Succeeding at this kind of strategy is like winning the lottery. It just won’t happen.

Just because we can, doesn’t mean we should.

One channel. One content type.

The greatest audience-building entities of all time selected one primary channel in which to build their platform:

  • Financial Times—printed newspaper
  • Fortune—printed magazine
  • TED Talks—in-person events
  • ESPN—cable television programming
  • Huffington Post—online magazine format
  • The Joe Rogan Experience—podcast show
  • PewDiePie—YouTube series

Even in today’s age of social media, content empires start with one platform as the core base of operation and primarily deliver content at that one place over time to build an audience.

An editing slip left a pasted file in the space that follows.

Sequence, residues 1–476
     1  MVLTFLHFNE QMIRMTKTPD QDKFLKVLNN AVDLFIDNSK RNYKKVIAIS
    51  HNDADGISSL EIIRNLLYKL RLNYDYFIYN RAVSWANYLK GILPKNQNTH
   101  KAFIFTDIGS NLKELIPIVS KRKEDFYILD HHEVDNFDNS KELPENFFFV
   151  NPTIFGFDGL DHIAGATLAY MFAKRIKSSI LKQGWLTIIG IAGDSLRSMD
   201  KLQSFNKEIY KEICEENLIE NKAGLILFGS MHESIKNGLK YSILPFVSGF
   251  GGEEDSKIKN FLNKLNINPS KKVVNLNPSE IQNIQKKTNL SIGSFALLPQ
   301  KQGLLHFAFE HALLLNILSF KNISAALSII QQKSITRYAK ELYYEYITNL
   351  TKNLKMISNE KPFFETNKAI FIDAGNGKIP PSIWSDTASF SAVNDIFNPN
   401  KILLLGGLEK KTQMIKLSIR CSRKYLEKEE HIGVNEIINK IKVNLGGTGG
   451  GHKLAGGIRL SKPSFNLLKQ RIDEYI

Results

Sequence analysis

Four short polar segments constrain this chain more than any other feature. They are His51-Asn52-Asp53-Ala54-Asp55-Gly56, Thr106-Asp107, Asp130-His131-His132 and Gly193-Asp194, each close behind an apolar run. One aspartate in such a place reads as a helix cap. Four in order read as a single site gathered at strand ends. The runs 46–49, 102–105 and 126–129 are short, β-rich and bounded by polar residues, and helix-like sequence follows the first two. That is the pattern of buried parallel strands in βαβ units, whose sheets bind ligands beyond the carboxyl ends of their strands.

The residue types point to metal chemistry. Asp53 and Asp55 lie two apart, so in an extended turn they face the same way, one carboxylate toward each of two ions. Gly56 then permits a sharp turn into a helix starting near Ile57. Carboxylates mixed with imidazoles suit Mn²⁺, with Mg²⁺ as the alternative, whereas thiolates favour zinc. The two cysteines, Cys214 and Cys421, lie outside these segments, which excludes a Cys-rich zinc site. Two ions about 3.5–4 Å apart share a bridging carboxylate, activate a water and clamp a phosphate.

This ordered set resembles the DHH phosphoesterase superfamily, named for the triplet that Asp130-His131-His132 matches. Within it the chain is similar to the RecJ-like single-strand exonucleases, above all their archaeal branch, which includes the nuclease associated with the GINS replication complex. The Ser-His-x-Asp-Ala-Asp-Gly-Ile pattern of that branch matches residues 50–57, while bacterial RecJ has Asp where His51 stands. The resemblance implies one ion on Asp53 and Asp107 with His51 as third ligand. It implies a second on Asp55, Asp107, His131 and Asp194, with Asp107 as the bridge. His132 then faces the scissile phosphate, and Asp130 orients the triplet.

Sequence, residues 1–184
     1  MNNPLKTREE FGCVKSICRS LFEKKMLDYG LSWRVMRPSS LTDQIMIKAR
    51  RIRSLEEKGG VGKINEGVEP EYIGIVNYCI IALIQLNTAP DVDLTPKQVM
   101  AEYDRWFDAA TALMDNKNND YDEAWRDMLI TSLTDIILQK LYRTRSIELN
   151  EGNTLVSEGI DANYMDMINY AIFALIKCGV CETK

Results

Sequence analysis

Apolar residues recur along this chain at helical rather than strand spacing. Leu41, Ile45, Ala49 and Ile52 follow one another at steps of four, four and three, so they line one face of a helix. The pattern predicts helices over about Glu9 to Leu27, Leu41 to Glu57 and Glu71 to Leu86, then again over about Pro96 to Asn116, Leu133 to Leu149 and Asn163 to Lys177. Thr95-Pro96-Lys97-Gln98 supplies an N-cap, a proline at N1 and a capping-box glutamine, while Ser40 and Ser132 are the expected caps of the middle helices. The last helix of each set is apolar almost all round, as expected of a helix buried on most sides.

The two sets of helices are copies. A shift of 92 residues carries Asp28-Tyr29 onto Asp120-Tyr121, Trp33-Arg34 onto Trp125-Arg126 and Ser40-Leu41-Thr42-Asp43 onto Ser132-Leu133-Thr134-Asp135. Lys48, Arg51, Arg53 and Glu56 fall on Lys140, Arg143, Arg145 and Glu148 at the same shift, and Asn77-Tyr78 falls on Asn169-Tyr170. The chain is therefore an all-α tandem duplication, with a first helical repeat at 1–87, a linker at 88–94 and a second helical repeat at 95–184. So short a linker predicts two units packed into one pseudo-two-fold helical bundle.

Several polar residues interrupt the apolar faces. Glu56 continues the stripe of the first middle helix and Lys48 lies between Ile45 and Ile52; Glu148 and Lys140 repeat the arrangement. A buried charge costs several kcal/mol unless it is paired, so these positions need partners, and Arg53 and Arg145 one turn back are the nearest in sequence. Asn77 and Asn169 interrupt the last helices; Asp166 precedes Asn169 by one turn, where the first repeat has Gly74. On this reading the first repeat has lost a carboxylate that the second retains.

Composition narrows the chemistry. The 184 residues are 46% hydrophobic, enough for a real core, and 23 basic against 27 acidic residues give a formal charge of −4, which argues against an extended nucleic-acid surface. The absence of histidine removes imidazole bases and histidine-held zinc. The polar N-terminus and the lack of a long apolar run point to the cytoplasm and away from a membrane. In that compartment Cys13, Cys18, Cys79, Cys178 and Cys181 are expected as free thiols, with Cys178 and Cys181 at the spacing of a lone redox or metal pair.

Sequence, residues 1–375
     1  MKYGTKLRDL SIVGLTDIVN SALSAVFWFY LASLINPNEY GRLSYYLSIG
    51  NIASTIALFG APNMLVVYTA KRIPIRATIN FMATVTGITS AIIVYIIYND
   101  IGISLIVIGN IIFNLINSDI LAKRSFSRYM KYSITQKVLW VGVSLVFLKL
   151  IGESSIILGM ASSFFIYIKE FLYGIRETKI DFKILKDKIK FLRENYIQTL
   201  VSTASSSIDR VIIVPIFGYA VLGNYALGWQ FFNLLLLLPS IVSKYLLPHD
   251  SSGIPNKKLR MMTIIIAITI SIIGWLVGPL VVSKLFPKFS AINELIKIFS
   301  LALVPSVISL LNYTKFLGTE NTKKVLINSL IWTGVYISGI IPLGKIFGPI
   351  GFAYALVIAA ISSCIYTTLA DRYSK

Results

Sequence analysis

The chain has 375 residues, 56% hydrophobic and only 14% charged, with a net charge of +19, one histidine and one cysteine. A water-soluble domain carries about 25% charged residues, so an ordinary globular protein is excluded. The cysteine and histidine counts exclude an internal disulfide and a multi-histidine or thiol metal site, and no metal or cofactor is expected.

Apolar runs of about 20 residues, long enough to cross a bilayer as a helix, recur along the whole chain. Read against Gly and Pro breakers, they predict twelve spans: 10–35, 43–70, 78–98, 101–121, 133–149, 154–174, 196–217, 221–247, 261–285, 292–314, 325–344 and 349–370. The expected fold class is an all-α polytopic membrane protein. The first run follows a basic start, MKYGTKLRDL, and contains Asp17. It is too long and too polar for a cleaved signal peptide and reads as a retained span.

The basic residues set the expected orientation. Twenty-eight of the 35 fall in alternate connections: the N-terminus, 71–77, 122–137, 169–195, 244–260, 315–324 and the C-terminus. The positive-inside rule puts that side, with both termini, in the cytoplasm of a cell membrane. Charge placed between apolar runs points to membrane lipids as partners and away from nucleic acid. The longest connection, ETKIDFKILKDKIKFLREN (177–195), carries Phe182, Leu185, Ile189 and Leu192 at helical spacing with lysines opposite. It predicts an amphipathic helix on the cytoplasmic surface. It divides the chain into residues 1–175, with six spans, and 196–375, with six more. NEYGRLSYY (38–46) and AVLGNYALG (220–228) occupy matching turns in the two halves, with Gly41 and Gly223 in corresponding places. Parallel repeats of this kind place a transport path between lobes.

For my new book ‘Content Inc.‘, we interviewed and analyzed more than 100 individuals and small businesses who went from zero subscribers to a massive audience. After two or three years, these content empires became multi-million-dollar platforms.

The interesting part is that they didn’t diversify immediately, but focused on delivering consistently valuable content, primarily on one channel and one content type, choosing audio, video, or text plus images.

  • Ann Reardon from ‘How to Cook That‘ decided to create consistent videos and distribute them on YouTube
  • Philip Werner from ‘com‘ creates and delivers a text-plus-images blog post every day on his WordPress-developed website
  • Wally Koval from ‘Accidentally Wes Anderson‘ distributes one image per day on Instagram, including amazing textual detail describing the location

But these are the exceptions. Most content marketing strategies run short-term blitzes (sometimes called campaigns), diversifying before the proper time.